Manufacturers vary, too. SAAB, which I work on a lot, has good thicknesses right through to the modern cars. Subaru have particularly thin paint (80 microns, often). Hardness varies - Jaguar rock hard, Honda you can marr with a microfibre towel, Vauxhall somewhere in the middle.

It all comes down to judgement and experience - I use a paint depth reader which is capable of reading thicknesses on both ferrous and non-ferrous metal. That can give me a good indication if the car has been machined before, how ferocious they were, if areas have been resprayed and if areas have been filled. I've only worked on fibreglass a couple of times.

It's not the old-fashioned wool mop and liquid sandpaper.

You'll never "correct" by hand without very concerted effort and by machine, it does take time. Once corrected, that can be maintained easily with an annual buzz over using a finishing set - this might remove only a couple of microns.

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Living in the Ice Age http://livingintheiceage.pjgh.co.uk
October 19, 2011
4:34 pm
Cameron, Tx
Gnoll
Forum Posts: 35
Member Since:
September 24, 2011
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well i work alot and my job is very physical so it sorta became my workout, but i do love to run.  barefoot.  i play the bass and drums when i get a chance.  sometimes i'll work my heavy bag.  i read ALOT.  my appetite for non fiction is insatiable.  TGC is the first fiction (ish) book i've read in years.  i also enjoy stretching.  not exactly yoga, but more leftovers from my martial arts training.  i just adapted it to suit me better and extended the time in each stretch.  i think stretching and running are my only real releases anymore.  cleaning my apartment is enjoyable to me as well.  sweeping is meditative for me.  i like being able to look back at a clean floor and know i did a good job.  great thing about my work is that it is all oriented that way.  

 

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October 19, 2011
11:55 pm
Halifax, UK
Gnoll
Forum Posts: 365
Member Since:
June 5, 2011
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TGC was the also the first fiction I'd read in years. I can speed read to absorb facts, so had to become very disciplined to read and savour TGC.

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Living in the Ice Age http://livingintheiceage.pjgh.co.uk
October 20, 2011
2:54 pm
Cameron, Tx
Gnoll
Forum Posts: 35
Member Since:
September 24, 2011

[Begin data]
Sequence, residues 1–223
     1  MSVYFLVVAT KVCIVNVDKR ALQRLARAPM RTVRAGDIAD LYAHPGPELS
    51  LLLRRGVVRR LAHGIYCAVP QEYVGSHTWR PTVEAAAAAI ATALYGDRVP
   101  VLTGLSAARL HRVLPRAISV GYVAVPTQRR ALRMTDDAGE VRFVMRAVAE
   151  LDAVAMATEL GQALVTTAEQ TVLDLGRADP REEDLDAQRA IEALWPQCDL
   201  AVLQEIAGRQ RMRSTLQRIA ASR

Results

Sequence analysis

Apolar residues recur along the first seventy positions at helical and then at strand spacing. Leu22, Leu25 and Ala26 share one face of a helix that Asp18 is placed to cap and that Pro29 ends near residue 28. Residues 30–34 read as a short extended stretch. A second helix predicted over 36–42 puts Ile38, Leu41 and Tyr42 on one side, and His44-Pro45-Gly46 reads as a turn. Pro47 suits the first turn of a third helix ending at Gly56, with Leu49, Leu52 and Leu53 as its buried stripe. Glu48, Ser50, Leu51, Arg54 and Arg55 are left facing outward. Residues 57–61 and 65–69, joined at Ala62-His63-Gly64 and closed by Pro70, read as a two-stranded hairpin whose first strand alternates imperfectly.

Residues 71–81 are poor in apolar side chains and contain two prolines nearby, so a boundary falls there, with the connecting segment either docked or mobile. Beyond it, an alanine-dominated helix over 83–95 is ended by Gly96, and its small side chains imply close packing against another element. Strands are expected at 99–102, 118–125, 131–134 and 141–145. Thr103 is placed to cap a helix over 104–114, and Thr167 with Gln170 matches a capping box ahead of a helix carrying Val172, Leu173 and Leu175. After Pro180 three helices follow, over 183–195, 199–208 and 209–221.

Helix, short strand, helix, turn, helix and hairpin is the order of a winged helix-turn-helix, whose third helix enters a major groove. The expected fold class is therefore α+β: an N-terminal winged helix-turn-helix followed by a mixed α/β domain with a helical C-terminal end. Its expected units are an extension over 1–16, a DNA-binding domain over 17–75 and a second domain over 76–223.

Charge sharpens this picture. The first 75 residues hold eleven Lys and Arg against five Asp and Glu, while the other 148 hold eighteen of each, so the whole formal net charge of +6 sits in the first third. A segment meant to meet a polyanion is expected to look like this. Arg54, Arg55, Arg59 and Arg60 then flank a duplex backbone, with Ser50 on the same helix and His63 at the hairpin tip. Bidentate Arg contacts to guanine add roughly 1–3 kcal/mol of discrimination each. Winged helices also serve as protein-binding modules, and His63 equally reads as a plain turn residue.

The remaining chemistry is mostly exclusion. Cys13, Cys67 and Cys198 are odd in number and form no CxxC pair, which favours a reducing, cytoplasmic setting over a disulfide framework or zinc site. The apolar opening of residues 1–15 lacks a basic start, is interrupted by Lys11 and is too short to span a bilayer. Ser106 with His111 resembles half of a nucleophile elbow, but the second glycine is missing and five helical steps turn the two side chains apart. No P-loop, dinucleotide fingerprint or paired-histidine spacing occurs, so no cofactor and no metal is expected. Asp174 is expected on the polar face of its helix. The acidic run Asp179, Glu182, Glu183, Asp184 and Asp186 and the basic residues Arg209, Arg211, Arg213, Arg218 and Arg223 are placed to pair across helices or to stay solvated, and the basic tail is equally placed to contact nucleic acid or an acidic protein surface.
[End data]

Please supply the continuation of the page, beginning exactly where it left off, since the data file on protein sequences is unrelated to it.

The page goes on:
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savour is the best word i think.  there was so much in it.  personally, i cant stand fiction books and i didn't have any interest in reading TGC until i read more of JS's posts and such.  by then i pretty much knew we were on the same page so i figured it would be enjoyable.  and it was much more than that.  i generally have no problem reading things that conflict with my own point of view.  sometimes i prefer it.  but i've never read anything that so perfectly fit where my mind sits at today. really a great read and much more than simple "fun".  i had alot of respect for JS before but i have alot more now.  

 

and i have to say paul, your cars really are amazing.  i dont dole out compliments that often and i used to work in a detail shop and have seen some badass work.  yours takes the cake though.  bravo sir. 

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October 20, 2011
3:04 pm
Halifax, UK
Gnoll
Forum Posts: 365
Member Since:
June 5, 2011
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Thanks DT. That really is a compliment! For me, it's fun ... it's relaxation. I guess if I did it for a job, I'd be inclined to cut corners and not put in the hours that it takes to achieve such a finish. I get a real buzz from teaching others how to do this - yes, it might take business away from professional detailers, but equally, it empowers people to put in the extra that a detailer might not to get their own pride and joy up to their standard of excellence.

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Living in the Ice Age http://livingintheiceage.pjgh.co.uk
October 26, 2011
7:50 pm
Cameron, Tx
Gnoll
Forum Posts: 35
Member Since:
September 24, 2011
Offline

oh yeah, i also like to swing a kettlebell.  a big ass 35 lb one.  may not sound big to some of you, but i only weigh 125 lbs soaking wet.  so it basically destroys me.  in a good way